It should be noted that these types of preprints are not only uncontroversial but are also considered good practices for the circulation and production of scientific knowledge. WPs, for example, have several functions: to widely circulate research results and ideas in order to gather criticism and improve them with a view to publication – a function analogous to that of preprints – to offer detailed methodological information or detailed empirical results in order to be able to refer to them in scientific articles where, due to space limitations, such detailing is not possible. Certainly, the reasons why preprints are important in areas such as medicine or experimental sciences, notably the relevance of the precedence of discovery in the definition of funding, differs from the functions they perform in the social sciences, but this does not make them a practice alien to their tradition.

On the other hand, the promises of preprints made at the time have only been partially fulfilled so far. Three advantages have been exploited. Firstly, preprints would contribute to improving the knowledge produced by the scientific community thanks to public criticism, not restricted to referees or close peers, but open to the community, in a freer logic similar to the exchange of ideas on social networks. A timely analogy with WPs/DTs would have advised caution regarding these expectations. We know that the benefits of enrichment through debate and open criticism depend on additional, very demanding work. Publishing in itself does not bring about debate, it is merely a necessary condition. The most successful WP series are linked to well-funded dissemination machines run by the research institutions to which they belong. Without the work of dissemination, WPs, like preprints, give rise to little or no debate. Obviously, it is unrealistic and unreasonable to expect SciELO Preprints to invest heavily in dissemination. In this respect, however, the PREreview request feature, a recent innovation in SciELO Preprints to allow evaluation, is a step forward.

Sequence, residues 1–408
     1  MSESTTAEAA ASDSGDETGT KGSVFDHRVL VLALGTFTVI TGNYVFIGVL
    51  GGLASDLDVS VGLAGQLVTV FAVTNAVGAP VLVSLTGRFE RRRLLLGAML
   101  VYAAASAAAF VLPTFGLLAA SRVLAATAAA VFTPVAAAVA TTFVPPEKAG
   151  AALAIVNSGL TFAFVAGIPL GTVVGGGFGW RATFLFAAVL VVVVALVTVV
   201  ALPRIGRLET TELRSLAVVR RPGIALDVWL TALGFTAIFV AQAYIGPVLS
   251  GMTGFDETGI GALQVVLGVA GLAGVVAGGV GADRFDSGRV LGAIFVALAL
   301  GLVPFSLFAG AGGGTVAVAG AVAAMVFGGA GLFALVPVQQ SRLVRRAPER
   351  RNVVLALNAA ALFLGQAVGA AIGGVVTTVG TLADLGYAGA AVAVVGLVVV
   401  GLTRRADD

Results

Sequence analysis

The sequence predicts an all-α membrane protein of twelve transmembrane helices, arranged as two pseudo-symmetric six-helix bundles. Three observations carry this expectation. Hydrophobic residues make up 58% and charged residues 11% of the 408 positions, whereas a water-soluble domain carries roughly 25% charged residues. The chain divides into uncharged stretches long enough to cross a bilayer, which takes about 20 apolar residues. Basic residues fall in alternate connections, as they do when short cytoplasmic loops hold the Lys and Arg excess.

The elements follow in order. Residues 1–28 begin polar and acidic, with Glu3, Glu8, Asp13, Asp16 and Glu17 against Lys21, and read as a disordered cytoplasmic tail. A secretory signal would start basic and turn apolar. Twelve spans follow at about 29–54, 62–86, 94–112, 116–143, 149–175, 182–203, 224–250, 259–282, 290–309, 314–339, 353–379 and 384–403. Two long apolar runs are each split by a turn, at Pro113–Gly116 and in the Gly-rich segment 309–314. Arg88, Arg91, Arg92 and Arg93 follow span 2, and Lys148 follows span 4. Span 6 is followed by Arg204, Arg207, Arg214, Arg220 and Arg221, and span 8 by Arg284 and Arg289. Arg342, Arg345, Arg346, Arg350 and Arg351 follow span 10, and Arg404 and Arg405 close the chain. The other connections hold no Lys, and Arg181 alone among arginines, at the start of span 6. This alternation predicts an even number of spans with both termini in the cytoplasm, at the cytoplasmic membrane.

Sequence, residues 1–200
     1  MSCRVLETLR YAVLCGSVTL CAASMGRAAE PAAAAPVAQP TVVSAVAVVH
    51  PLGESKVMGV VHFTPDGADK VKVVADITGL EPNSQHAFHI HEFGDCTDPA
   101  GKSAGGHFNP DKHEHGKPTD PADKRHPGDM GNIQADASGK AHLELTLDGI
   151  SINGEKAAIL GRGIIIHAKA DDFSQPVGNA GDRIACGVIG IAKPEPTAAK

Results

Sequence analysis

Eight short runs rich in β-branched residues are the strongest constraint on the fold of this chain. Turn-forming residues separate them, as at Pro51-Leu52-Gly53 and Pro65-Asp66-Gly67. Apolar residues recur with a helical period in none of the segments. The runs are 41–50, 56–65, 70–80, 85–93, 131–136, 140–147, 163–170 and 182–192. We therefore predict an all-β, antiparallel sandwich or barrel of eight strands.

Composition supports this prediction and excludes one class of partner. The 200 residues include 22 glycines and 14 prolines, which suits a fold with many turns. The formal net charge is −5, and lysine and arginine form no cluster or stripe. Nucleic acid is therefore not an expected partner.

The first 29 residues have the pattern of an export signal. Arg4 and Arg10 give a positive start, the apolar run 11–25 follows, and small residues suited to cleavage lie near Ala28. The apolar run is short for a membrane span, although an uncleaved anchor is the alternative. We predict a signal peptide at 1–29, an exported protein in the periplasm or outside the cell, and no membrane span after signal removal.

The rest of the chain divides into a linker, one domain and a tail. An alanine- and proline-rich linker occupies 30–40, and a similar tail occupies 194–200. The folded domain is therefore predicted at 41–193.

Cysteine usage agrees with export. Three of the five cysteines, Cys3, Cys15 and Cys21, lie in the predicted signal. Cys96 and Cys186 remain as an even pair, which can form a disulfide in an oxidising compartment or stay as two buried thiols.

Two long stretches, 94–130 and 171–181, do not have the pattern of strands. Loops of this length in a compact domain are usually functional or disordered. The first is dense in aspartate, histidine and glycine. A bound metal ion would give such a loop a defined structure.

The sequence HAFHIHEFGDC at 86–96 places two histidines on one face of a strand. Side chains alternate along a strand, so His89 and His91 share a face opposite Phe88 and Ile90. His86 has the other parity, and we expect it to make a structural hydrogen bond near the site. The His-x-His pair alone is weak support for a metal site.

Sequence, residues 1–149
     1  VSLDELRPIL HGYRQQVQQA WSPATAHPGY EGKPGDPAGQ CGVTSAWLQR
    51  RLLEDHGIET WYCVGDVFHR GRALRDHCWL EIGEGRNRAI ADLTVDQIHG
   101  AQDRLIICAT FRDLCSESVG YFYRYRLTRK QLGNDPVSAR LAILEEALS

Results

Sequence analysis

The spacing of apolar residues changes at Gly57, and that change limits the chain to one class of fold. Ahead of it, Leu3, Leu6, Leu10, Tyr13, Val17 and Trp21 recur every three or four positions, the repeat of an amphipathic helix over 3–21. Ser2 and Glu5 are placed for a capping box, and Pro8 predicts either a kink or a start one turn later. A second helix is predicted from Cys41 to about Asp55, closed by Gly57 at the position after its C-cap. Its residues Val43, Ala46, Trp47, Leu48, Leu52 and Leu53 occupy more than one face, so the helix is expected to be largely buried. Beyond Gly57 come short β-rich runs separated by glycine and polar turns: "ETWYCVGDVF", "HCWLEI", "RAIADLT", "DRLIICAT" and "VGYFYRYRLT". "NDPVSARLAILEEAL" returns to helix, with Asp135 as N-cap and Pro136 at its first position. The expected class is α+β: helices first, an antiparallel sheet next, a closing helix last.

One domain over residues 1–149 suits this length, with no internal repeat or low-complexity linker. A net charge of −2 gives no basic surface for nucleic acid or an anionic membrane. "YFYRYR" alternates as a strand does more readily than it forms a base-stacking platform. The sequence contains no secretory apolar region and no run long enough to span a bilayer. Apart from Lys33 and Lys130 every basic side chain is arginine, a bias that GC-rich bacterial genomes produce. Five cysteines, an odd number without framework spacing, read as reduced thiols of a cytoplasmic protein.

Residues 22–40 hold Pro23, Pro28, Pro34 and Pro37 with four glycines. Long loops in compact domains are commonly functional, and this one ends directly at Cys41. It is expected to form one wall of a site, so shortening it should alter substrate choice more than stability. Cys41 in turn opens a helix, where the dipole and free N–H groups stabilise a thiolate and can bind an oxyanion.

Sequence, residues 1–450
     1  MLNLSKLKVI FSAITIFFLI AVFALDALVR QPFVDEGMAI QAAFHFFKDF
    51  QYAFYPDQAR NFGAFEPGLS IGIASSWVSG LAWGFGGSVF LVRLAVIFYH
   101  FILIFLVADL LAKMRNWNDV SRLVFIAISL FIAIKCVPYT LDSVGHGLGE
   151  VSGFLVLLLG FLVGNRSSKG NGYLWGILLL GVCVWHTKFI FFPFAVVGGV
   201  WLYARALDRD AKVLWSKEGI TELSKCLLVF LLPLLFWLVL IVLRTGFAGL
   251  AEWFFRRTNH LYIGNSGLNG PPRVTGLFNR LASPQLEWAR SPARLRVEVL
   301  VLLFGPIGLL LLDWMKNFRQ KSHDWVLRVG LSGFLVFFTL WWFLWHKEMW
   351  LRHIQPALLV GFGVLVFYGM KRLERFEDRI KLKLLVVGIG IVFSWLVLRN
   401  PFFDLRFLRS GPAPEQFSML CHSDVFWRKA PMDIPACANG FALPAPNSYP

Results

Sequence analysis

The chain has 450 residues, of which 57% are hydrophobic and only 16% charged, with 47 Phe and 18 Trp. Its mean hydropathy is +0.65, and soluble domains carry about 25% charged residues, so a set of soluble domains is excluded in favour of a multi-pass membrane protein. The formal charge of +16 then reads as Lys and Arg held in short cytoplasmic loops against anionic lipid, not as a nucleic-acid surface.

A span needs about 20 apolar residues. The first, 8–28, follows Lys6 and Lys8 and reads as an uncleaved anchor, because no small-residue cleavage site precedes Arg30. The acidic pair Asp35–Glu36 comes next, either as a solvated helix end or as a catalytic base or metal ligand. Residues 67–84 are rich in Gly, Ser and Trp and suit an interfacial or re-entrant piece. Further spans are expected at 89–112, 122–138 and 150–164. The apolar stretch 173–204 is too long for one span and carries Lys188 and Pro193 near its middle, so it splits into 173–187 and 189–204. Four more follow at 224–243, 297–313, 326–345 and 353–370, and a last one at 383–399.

Secondly, journals in the field would benefit, as they could proactively select better manuscripts on the preprint server, already enriched by the debate, with clear indications of relevance to the respective subfield, and could even incorporate the previous citations of the manuscript in its various versions as a preprint. I do not know of any publishers in the field who proactively select preprints, although the SciELO Server offers alternative metrics for the circulation and use of manuscripts. In any case, an important part of these benefits still depends on the previous point. In turn, the incorporation of previous citations is a point that, I venture to conjecture, is still dark for social science publishers. It is not uncommon for WPs and papers in event proceedings, when they have the rare fortune of gaining traction in the debate in their subfields, to circulate with a “double life” after being published in their final versions in scientific journals: the journal version and the version that first gained circulation, the latter usually continuing to be cited. It is unclear whether and how preprints can circumvent the risk of “double life”, which discourages their publication in journals, especially considering that the DOI is assigned to unique digital objects and that, in theory, the preprint published in a journal should be given a new DOI.